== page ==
There was an imperial residence built on the site of the Ii family’s lower residence[vi]. The tree was preserved… or at least the location of the alleged tree. Eventually the land was incorporated into Meiji Jingū and, as I said, the old tree doesn’t exist anymore, but the new tree does and it has its own sign. So, good for it.




[i] When I started looking into place names, it was one of the first I wanted to write about.

[iii] 代々木 daidai ki, (alternatively, yoyo ki) “generations of trees” was basically shorthand for 代々皀莢ヲ生産  daidai/yoyo saikachi no ki wo seisa “cultivating honey locust trees for generations.”

[iv] I’m sure I’ve alluded to the Sakuradamon Incident (which sounds like a euphemism, it should be called “the Assassination of Ii Naosuke at Sakuradamon”). Many people consider this the opening of the Bakumatsu.

[v] The Yoyogi of Yoyogi. See what he did there? In the second “yoyogi” he used a variant for 代々 daidai/yoyo generations 世々 yoyo. I can’t find this picture on the internet, so if someone can help me find it, I’d really appreciate that!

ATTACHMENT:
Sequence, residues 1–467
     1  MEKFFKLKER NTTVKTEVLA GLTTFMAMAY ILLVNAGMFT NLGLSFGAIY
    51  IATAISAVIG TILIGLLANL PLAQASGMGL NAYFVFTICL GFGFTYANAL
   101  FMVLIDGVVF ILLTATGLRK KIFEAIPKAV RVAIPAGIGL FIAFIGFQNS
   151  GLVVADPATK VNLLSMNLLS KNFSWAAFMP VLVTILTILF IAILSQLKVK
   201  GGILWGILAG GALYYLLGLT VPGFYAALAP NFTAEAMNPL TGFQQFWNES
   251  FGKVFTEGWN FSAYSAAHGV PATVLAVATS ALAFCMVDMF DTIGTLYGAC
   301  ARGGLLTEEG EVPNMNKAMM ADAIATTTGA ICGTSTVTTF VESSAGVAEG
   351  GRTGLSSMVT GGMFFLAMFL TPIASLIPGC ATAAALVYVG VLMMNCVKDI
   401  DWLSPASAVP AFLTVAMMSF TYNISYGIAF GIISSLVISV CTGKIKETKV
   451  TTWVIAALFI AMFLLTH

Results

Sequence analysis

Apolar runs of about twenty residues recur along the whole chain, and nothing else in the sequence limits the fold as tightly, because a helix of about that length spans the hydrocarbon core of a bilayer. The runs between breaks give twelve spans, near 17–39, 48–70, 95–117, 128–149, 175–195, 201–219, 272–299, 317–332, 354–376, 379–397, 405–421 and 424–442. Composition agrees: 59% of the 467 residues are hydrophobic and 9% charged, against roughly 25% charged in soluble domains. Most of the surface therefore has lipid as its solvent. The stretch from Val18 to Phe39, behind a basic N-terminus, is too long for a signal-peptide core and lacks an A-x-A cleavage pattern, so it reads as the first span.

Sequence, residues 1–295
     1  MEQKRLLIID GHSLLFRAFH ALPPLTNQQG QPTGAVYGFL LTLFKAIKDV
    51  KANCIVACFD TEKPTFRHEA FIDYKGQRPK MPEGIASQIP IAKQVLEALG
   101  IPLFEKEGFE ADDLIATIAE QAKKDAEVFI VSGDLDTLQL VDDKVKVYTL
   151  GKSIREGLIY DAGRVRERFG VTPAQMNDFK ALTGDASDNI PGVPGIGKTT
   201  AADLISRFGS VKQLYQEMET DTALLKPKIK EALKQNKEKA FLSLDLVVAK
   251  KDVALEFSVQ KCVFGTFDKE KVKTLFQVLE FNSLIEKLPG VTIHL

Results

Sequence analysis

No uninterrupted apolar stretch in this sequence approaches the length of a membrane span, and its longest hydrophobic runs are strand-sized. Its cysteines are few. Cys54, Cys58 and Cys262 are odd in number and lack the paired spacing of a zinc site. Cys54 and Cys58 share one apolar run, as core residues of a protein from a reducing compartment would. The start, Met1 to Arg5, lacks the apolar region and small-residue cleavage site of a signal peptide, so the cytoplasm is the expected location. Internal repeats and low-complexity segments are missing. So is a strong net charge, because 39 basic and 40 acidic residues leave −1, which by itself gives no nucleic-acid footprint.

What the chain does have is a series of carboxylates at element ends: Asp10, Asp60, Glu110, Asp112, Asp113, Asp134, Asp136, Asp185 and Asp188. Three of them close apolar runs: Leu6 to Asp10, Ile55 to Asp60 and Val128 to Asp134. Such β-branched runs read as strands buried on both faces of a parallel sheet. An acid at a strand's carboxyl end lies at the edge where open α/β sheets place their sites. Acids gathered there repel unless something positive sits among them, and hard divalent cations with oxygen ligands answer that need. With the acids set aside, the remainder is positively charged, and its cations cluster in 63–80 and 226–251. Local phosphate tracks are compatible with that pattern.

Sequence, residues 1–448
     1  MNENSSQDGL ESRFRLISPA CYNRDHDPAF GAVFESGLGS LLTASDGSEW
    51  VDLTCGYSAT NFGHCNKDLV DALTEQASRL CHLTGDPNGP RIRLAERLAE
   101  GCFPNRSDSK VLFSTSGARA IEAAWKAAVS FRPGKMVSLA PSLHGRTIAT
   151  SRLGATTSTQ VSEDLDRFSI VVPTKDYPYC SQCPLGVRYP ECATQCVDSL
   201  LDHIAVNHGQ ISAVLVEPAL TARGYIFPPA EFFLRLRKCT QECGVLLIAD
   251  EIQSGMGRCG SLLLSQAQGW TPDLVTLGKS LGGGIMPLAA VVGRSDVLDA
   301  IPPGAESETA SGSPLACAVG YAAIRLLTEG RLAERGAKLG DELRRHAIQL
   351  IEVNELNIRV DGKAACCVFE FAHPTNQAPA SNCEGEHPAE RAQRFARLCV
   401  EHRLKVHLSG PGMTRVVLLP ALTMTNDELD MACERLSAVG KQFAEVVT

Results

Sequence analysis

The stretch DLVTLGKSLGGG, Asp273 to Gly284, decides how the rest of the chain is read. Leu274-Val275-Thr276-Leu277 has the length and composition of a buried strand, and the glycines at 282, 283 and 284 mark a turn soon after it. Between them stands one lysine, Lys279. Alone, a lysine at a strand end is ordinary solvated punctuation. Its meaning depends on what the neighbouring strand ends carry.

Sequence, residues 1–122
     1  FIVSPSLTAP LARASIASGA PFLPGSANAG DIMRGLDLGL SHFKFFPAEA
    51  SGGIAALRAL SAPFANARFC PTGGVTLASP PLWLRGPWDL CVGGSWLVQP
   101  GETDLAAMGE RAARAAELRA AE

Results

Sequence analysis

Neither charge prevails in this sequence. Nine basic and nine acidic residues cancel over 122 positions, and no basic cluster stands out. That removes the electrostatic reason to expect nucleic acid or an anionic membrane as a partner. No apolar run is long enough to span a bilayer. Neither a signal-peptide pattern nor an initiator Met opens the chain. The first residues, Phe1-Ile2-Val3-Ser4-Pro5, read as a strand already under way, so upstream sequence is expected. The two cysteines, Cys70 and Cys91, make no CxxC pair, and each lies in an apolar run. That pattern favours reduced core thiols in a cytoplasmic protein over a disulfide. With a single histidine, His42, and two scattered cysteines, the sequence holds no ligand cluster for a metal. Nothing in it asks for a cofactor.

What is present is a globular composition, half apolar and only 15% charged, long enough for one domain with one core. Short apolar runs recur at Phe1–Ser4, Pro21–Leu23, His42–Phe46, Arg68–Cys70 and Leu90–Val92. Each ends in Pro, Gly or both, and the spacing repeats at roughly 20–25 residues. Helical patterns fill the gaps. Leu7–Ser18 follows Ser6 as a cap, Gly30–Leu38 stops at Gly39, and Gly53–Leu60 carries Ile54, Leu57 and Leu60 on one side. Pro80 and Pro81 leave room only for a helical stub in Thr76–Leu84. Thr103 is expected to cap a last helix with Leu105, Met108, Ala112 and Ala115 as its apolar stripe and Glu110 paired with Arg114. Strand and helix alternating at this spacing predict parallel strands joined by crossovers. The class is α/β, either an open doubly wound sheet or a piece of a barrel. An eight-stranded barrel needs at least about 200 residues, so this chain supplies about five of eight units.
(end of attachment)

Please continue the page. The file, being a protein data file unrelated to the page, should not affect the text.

[vi] Remember, the lower residences were much more palace like and rustic than their urban upper residences near the castle. When the Meiji Era urban sprawl began in earnest, the Harajuku area became a prime target for rich people and the elite imperial family who wanted to build their own estates in the area.

What does Toshima mean?

In Japanese History on May 20, 2013 at 1:24 am

Toshima (Islands Abound)

Toshima Ward's logo

Toshima Ward’s logo

“However, the name survived. Even on Edo Era maps you can see references to the Toshima District. And these days, it’s one of the 23 Special Ward of Tōkyō. Good for it.”

marky star
(from an earlier, shittier draft of this article)


I totally just quoted myself.

For no good reason.

Right then, let’s get started.

Recently I’ve shifted direction towards the northern part of Tōkyō. We’ve touched on the holdings of the Toshima clan quite a bit recently, haven’t we? Shakujii, Nerima, and Itabashi – I covered Ikebukuro a while ago. Up until this point, I’ve been referring to a certain administrative area called 豊島郡 or 豊嶋郡 Toshima-gun Toshima District.